From 2003 through 2012, in a “barn cinema” in bucolic upstate New York, the artist-curator duo Jason Simon and Moyra Davey hosted The One Minute Film Festival, inviting fellow artists, musicians, writers, and moviemakers of all stripes to contribute a short film of their own devising. The festival became a cherished ritual: friends would religiously mark their calendars for the first Saturday after the Fourth of July, reuniting for martinis, gumbo, and dancing, a sundown screening of their cinebursts of creativity, then ever more spirited drinking and dancing well into the night.
The films presented in this screening—by artists as far ranging as Peggy Ahwesh, Mark Dion, Chris Marker, and Josiah McElheny—are a joyful sampling of the hundreds that were screened during the festival’s decade-long run. They capture the breathless ricochet of emotions—tenderness, silliness, outrage, and exuberance—that could be experienced from one moving-image minute to the next. “Ten years of multiple worlds of one-minute wisdom” is how the artist Andrea Geyer has described the enterprise. “Starring: Wasps in honey, cityscapes, trash, the president, local papers, dust, war, old movies, love, naked butts on tractors, news, records spinning, children spinning, dogs flying, banners flying, road movies, love songs, frustrations, montages…”. A more comprehensive survey of The One Minute Film Festival, featuring projections and movie posters, is on view at MASS MoCA through January 2014.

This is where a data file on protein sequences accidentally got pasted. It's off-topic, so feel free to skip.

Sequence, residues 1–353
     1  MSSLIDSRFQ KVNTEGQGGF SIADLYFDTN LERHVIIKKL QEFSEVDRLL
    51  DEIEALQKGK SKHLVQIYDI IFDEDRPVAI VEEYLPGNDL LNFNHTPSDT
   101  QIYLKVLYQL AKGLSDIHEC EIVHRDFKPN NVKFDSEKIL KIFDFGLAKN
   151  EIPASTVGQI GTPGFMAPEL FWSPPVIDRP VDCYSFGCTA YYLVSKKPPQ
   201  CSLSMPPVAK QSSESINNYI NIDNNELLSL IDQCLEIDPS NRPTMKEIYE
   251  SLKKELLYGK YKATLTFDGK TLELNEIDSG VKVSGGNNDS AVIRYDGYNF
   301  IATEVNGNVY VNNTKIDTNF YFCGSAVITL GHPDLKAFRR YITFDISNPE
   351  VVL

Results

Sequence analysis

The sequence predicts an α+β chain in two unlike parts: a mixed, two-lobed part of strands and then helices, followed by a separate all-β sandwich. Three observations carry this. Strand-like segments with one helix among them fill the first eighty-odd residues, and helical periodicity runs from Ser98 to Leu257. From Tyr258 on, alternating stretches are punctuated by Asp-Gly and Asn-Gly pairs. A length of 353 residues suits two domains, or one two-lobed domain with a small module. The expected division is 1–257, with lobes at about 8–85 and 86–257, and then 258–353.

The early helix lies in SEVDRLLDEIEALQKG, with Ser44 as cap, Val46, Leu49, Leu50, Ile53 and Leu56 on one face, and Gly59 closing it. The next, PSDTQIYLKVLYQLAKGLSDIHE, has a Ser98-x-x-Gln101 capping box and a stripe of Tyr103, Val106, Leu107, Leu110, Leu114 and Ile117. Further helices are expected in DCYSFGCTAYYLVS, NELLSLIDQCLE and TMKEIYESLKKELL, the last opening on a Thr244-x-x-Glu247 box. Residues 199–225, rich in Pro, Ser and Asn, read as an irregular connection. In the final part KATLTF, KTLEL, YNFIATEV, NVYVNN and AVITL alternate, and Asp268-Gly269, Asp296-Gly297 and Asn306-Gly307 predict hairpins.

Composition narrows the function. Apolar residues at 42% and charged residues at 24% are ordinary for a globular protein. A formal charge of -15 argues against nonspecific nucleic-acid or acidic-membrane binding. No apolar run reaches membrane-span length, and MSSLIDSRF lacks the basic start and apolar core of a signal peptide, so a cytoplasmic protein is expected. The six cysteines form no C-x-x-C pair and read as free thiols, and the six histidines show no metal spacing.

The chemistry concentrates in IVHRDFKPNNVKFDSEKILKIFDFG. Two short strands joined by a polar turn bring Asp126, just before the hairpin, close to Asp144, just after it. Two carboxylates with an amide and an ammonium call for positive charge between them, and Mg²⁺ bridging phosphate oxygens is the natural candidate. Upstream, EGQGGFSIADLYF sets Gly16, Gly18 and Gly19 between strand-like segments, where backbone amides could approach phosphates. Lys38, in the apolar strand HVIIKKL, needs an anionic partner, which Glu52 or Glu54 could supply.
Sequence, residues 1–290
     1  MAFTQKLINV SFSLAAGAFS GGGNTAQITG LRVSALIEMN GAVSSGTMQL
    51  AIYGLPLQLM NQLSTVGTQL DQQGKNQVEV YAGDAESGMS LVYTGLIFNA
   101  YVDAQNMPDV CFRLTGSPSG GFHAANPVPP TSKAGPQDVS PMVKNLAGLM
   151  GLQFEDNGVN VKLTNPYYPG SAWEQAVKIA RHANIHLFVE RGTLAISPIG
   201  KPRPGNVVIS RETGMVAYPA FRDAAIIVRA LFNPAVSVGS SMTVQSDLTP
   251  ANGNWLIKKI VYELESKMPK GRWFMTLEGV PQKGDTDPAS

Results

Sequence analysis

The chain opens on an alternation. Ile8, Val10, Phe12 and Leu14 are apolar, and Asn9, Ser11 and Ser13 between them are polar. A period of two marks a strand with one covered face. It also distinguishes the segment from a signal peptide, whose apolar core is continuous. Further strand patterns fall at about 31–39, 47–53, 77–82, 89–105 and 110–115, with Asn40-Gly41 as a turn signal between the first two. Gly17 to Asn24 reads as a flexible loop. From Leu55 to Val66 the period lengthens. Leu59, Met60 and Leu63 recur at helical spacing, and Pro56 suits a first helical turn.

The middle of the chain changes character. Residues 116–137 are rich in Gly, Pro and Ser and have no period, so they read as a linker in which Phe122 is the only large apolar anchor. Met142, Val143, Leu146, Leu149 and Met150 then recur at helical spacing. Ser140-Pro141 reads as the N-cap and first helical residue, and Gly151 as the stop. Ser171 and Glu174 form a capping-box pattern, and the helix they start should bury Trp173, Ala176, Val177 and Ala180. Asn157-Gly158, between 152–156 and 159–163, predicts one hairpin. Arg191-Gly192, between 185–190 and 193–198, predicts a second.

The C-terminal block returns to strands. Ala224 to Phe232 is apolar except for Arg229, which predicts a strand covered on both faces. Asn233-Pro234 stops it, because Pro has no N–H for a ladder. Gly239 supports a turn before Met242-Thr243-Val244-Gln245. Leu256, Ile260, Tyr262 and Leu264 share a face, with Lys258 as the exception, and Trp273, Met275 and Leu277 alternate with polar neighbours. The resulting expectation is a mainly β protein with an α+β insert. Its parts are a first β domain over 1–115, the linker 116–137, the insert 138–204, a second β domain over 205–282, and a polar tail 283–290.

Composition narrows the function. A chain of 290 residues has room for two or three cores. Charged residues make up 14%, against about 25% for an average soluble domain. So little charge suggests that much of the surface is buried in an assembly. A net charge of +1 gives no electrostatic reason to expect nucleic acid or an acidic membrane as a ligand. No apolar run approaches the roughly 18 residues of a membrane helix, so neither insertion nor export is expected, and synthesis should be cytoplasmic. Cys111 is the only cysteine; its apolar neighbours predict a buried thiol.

In the Film exhibition Modern Mondays
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